At present, direct data on risk from protracted or fractionated radiation exposure at low dose rates have been limited largely to studies of populations exposed to low cumulative doses with resulting low statistical power. We evaluated the cancer risks associated with protracted exposure to external whole-body gamma radiation at high cumulative doses (the average dose is 0.8 Gy and the highest doses exceed 10 Gy) in Russian nuclear workers. Cancer deaths in a cohort of about 21,500 nuclear workers who began working at the Mayak complex between 1948 and 1972 were ascertained from death certificates and autopsy reports with follow-up through December 1997. Excess relative risk models were used to estimate solid cancer and leukemia risks associated with external gamma-radiation dose with adjustment for effects of plutonium exposures. Both solid cancer and leukemia death rates increased significantly with increasing gamma-ray dose (P
The effects of low-dose radiation have been a matter of controversy over the years, and the epidemiologic results have been conflicting. A couple of recent studies have indicated a possible impact on lung cancer mortality from exposure to indoor levels of radon and radon daughters. In this study, selected mortality rates, ie, lung cancer, pancreatic cancer, breast cancer (females only), leukemia, and multiple myeloma were correlated for the counties of Sweden with estimates of average background radiation exposure in these areas. Significant correlations were obtained for lung cancer (males, r = 0.46; females r = 0.55) and pancreatic cancer (males, r = 0.59; females, r = 0.40) , and there was a borderline correlation (r = 0.36; p = 0.04) for leukemia in males. In all, there were positive correlations for eight out of the nine computations made. Since background radiation correlates with urbanization and therefore with smoking, air pollution, etc, the correlations might be spurious due to confounding; on the other hand confounding is a reciprocal phenomenon which suggests that background radiation should to be taken into consideration when widespread risk factors like smoking, coffee drinking, general air pollution, etc, are studied.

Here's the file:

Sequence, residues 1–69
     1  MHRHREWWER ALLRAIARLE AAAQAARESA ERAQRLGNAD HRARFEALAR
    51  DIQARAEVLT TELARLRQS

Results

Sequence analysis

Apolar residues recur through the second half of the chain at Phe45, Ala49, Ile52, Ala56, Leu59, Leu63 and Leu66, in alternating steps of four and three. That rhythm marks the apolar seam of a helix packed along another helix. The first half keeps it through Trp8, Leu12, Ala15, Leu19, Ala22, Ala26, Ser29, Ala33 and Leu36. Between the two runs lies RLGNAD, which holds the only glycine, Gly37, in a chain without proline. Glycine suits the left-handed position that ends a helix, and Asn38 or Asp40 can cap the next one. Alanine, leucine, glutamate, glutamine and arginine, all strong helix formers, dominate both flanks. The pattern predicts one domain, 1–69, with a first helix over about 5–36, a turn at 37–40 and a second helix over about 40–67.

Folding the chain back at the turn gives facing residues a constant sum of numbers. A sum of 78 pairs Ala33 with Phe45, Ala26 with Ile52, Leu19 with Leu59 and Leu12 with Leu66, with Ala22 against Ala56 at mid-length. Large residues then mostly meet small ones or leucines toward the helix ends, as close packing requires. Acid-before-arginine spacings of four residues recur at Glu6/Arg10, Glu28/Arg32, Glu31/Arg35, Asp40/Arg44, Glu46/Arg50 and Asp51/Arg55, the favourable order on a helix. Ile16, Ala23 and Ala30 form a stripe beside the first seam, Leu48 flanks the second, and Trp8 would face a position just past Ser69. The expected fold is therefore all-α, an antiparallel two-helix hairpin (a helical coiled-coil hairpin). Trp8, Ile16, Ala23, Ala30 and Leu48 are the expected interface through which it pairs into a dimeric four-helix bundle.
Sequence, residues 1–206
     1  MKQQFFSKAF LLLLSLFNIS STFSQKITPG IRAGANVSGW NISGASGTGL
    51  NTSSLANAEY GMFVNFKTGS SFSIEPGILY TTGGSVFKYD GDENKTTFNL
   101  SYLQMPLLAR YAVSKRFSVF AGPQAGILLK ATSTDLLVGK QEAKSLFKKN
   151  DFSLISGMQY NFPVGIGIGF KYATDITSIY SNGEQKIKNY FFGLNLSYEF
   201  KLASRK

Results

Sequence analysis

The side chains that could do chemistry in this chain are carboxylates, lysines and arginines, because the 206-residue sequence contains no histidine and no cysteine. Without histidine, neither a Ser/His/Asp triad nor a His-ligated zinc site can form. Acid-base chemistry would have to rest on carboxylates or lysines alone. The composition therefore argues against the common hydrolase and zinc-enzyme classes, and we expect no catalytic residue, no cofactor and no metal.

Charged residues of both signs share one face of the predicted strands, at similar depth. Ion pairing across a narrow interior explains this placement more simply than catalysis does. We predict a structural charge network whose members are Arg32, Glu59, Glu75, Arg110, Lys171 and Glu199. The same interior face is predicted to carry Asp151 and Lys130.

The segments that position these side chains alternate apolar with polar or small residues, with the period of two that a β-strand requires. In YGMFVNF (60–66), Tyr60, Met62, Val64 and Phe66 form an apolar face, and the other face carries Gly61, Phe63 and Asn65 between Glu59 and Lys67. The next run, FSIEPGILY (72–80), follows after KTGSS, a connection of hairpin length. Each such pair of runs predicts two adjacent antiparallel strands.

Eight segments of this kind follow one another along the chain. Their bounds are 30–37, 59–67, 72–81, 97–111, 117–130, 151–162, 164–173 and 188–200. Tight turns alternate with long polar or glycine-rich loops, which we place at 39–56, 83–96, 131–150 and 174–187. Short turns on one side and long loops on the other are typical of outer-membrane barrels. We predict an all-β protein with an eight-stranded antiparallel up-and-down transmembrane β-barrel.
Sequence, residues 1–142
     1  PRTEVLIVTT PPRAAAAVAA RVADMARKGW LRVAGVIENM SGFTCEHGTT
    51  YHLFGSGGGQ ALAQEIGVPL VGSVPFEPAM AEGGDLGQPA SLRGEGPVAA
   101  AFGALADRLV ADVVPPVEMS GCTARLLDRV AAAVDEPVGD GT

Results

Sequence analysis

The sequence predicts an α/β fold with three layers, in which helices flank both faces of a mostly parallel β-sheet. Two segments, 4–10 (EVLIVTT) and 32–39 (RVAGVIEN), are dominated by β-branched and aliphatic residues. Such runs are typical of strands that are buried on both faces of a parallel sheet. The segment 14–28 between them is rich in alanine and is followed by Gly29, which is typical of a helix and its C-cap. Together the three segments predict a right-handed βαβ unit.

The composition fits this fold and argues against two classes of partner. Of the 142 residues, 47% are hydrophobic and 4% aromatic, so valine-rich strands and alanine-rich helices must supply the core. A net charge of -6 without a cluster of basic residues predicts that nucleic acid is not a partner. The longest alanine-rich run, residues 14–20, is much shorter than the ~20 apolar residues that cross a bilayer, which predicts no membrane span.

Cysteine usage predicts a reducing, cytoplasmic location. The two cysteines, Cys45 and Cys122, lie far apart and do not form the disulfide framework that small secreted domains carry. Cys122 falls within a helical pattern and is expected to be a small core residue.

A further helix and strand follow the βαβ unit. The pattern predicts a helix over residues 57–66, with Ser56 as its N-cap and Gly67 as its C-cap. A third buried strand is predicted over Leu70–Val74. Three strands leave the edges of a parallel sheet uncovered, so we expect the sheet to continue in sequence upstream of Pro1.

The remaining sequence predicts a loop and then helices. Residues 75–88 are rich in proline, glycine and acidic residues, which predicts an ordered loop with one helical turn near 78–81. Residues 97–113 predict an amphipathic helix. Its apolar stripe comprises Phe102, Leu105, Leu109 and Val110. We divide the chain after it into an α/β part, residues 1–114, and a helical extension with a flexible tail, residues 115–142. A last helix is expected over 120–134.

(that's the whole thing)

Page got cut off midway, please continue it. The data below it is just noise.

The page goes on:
Studies of the mortality among nuclear industry workforces have been carried out, and nationally combined analyses performed, in the U.S., the UK and Canada. This paper presents the results of internationally combined analyses of mortality data on 95,673 workers (85.4% men) monitored for external exposure to ionizing radiation and employed for 6 months or longer in the nuclear industry of one of the three countries. These analyses were undertaken to obtain a more precise direct assessment of the carcinogenic effects of protracted low-level exposure to external, predominantly gamma, radiation. The combination of the data from the various studies increases the power to study associations between radiation and specific cancers. The combined analyses covered a total of 2,124,526 person-years (PY) at risk and 15,825 deaths, 3,976 of which were due to cancer. There was no evidence of an association between radiation dose and mortality from all causes or from all cancers. Mortality from leukemia, excluding chronic lymphocytic leukemia (CLL)--the cause of death most strongly and consistently related to radiation dose in studies of atomic bomb survivors and other populations exposed at high dose rates--was significantly associated with cumulative external radiation dose (one-sided P value = 0.046; 119 deaths). Among the 31 other specific types of cancer studied, a significant association was observed only for multiple myeloma (one-sided P value = 0.037; 44 deaths), and this was attributable primarily to the associations reported previously between this disease and radiation dose in the Hanford (U.S.) and Sellafield (UK) cohorts. The excess relative risk (ERR) estimates for all cancers excluding leukemia, and leukemia excluding CLL, the two main groupings of causes of death for which risk estimates have been derived from studies of atomic bomb survivors, were -0.07 per Sv [90% confidence interval (CI): -0.4, 0.3] and 2.18 per Sv (90% CI: 0.1, 5.7), respectively. These values correspond to a relative risk of 0.99 for all cancers excluding leukemia and 1.22 for leukemia excluding CLL for a cumulative protracted dose of 100 mSv compared to 0 mSv. These estimates, which did not differ significantly across cohorts or between men and women, are the most comprehensive and precise direct estimates of cancer risk associated with low-dose protracted exposures obtained to date. Although they are lower than the linear estimates obtained from studies of atomic bomb survivors, they are compatible with a range of possibilities, from a reduction of risk at low doses, to risks twice those on which current radiation protection recommendations are based.(ABSTRACT TRUNCATED AT 400 WORDS)